Sugarcane companies and sugarcane out-growers associations are accused of rising child labor cases and increasing land conflicts in the area among others. However, it is these references that reinforce the broader tradeoff between CSR and accountability. In most of such cases, companies are forgiven where their activities negatively impact on enjoyment of human rights, if the community has benefited from some form of CSR engagement. Such companies know the popularity of these CSR activities that they continuously highlight the same even where there are demands for accountability as highlighted in the opening company response.
Business enterprises operating in resource rich rural areas have capitalized on these engagements to ‘capture’ local authorities, undermine policy and legal frameworks and manipulate communities as a way of driving their operations within these poor, illiterate and impoverished communities in total disregard of accountability mechanisms. In light of failures of the government to ensure provision of basic services, corporate actors fill in the gaps in access of some essential services in health, education and infrastructural development as a way of maintaining their operations in the community even where they are not operating within the confines of the law.
The UCCA has underscored these developments and with support of development partners such as KIOS, developed projects and strategies of building capacities of affected communities to appreciate business and human rights principles and start designing initiatives of demanding for accountability in the face of corporate abuses of human rights. The concept of CSR vis-à-vis accountability is of great interest to the Consortium and one that drives our community engagement initiatives—unpacking its tenets with different corporations to enhance its appreciation in implementation of different activities.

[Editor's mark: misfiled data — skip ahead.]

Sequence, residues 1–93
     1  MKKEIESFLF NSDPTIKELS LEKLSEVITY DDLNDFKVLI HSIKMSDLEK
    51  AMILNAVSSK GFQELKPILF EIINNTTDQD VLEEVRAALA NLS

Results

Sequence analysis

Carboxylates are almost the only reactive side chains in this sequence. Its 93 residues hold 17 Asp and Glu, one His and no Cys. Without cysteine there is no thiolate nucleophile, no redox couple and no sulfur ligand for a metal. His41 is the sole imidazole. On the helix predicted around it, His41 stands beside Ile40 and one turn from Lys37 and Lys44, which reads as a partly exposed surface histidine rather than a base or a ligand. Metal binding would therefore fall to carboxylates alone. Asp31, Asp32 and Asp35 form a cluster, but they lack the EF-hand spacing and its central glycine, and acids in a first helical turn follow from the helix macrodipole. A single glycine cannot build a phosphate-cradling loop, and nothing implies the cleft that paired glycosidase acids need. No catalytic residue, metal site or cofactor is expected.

CSR has overtime been understood to be synonymous with corporations engaging with the communities in which they operate, usually connoting charitable acts. The UCCA and partners have undertaken activities geared at reinforcing the corporate responsibility to respect human rights beyond voluntary acts of CSR. The KIOS supported “Popularizing the UN Guiding Principles on Business and Human Rights to Enhance Corporate Accountability in Uganda” project is at the heart of these community engagements unpacking corporate accountability principles. These have been largely targeted towards community-based organizations (CBOs) in resource rich areas, media practitioners to fully appreciate these concepts and the normative content of economic social and cultural rights and local government authorities to help in the enforcement of human rights in their areas of operations. It is believed that these engagements will clearly clarify the variances between CSR and accountability with an intention to enhance corporate accountability in Uganda.
The UCCA guided by its theory of change and strategy, reaffirms that CSR engagements are mere voluntary mechanisms geared at giving back to the community and lack the binding element of corporate accountability as envisaged in both the domestic and international legal frameworks. To ensure the protection of, and respect for, human rights by business and corporations, accountability must go beyond voluntarism. Whereas, it is increasingly necessary to recognize that both corporate responsibility and accountability are essential elements and key drivers to ensure economic and sustainable development, we however, reiterate that CSR cannot be used as a tradeoff against corporate accountability. Article 20 (2) of the 1995 Uganda Constitution enjoins the state to ensure that non-state actors including corporate entities respect human rights and this doesn’t make any special note of variance for any such actors that may show or have a good track record in CSR engagements as a substitute to demands of accountability.
Uganda Consortium on Corporate Accountability (UCCA)
UCCA was founded in August 2015. The core of UCCA’s work is in enhancing and coordinating the multilevel advocacy and cooperation of different actors in questions of corporate accountability in Uganda. The Consortium works especially though monitoring and documentation, research and advocacy, and through strengthening human rights skills of grass-roots actors. Ugandan Initiative for Social and Economic Rights (ISER) acts as UCCA’s secretariat. KIOS has supported the work of ISER since 2014 and the work of UCCA since 2017. UCCA work supported by KIOS has the main goal of promoting the implementation of the UN Guiding Principles on Business and Human Rights. In addition, the work also enhances the capacities and awareness of UCCA members and other relevant stakeholders on issues of corporate accountability.
For further information contact:
Arnold Kwesiga, Coordinator, UCCA
Twitter for UCCA: https://twitter.com/UccaUg
Text and pictures by UCCA
The views and opinions in this article are those of the authors and do not necessarily reflect the policy of KIOS.
This article is part of celebrating KIOS 20 years and sharing voices from our partners in the Global South.